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John Leighton's debut is a collection of poetic, pop-laced jazz that often downplays the pianist's own performance skills in favor of Anna Stott's easy-on-the-ears vocals and saxophonist Michael Buckley's engaging saxophone work. While Leighton's name rests high atop the cover of the album, he chooses to use his piano to serve the songs instead of himself, while allowing the songs themselves to serve as an indication of his talent.
Born and based in Ireland, Leighton has assembled a cast of well regarded up-and-comers on the Irish and British jazz scenes to help bring his musical vision to life, but Stott serves as the focal point of the music. Her ability to shift from a marked sense of insouciance to urgent passion, sometimes within a single song, is her greatest gift. In addition, she manages to covertly pepper some pieces with a touch of soul and a sense of utter joy that paints a positive picture, regardless of the subject matter.
While Buckley has three horns on hand for the album, his soprano work has the greatest impact. He weaves warmth and comfort into the fabric of the music when his small horn is in hand on "Ameltie," but he provides the fuel for some musical fires when he switches to tenor. He ups the soul quotient with his solo on the lively "Precious Life," and blends well with the searing, Kurt Rosenwinkel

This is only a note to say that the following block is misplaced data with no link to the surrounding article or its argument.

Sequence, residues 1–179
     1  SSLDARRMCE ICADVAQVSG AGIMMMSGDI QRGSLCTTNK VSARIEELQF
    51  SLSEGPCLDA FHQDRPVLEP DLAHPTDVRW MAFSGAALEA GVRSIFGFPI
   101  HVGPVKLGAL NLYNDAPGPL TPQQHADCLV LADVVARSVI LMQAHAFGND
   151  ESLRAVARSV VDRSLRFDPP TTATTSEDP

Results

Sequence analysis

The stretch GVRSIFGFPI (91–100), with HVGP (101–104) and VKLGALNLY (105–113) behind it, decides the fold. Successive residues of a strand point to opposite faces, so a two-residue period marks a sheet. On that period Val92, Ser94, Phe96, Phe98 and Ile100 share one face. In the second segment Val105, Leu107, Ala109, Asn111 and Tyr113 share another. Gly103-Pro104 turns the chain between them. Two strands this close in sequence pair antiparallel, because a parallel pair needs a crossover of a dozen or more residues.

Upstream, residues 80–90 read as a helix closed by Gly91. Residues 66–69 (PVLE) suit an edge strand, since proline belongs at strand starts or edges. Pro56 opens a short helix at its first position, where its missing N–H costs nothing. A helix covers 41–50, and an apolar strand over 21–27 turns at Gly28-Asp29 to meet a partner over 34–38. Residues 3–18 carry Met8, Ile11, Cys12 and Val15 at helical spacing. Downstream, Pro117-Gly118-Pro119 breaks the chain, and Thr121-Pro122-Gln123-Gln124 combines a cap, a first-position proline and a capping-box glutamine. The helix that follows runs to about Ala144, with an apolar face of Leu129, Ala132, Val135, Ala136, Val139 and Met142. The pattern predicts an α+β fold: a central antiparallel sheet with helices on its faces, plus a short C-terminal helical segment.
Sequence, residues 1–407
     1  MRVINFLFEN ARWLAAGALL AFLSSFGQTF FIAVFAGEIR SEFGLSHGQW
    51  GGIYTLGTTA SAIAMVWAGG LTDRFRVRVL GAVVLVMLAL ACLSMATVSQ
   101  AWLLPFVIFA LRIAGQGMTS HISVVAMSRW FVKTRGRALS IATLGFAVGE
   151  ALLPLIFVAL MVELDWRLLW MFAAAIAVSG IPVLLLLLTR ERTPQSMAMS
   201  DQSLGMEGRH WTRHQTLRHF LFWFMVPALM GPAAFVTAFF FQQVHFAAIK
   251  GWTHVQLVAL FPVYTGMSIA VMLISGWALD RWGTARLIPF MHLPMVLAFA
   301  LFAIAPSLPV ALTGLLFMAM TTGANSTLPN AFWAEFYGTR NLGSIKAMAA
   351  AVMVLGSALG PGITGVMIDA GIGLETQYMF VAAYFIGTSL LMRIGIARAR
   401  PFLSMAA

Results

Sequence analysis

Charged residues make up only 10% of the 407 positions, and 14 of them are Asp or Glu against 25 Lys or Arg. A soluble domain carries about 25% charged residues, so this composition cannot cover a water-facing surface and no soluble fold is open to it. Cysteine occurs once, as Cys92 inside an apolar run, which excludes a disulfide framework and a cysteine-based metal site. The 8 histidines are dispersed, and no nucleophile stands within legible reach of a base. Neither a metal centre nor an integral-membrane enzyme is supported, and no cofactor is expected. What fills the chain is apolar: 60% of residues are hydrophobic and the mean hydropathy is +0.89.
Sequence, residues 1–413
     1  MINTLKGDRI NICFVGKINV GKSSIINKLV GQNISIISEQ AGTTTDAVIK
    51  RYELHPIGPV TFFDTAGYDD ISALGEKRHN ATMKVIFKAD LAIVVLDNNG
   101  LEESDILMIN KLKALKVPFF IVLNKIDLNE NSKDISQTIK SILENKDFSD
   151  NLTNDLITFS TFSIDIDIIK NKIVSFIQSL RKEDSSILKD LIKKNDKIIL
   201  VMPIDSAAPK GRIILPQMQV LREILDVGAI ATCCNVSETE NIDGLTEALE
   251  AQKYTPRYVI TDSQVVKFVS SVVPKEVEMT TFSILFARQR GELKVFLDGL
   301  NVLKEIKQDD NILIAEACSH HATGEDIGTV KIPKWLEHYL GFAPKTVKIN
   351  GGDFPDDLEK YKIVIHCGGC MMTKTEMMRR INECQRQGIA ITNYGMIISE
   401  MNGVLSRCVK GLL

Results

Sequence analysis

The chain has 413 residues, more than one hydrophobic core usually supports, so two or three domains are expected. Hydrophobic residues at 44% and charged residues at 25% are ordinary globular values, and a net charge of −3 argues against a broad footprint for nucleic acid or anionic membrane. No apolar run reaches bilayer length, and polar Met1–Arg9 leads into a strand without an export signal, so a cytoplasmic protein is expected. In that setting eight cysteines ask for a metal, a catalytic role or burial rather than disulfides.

adopts for "Whin Bush." While McKnight gets some well-deserved space to solo here, he's often relegated to the same supportive status as Leighton, and that's a shame. Both men clearly have impeccable skills and personal voices and, though concision should applauded, this sub-35-minute album might have benefited from hearing both men unwind a bit more.
While Leighton doesn't reach his full potential as a solo voice here, he manages to hit a homerun as a songwriter by working poetry, pop and jazz elements into a cohesive package. The famed English poet John Keats ("For Keats" and "A Thing Of Beauty Is A Joy Forever"), sing-song, odd-metered fare that shape-shift in good-natured fashion ("Ameltie"), faux-soca grooves ("Precious Life"), take-me-as-I-am song craft ("Nothing To Gain"), and music with a bit more bite ("Whin Bush") all have their place here and, surprisingly enough, the variety is what makes the album so attractive.
Dramatic Life, with little solo piano meat to sink the teeth into, won't establish Leighton as a pianist to be reckoned with, but it does shine a light on his impressive skills as a songwriter, while bringing some attention to the oft-overlooked Irish jazz scene.
Track Listing: Married The Messenger; Ameltie; Precious Life; For Keats; The Dress; Nothing To Gain; Whin Bush; A Thing Of Beauty Is A Joy Forever.
Personnel: John Leighton: piano; Anna Stott: vocal; Michael Buckley: tenor saxophone, soprano saxophone, flute; Mark McNight: guitar; Michael Janisch: bass; David Lyttle: drums.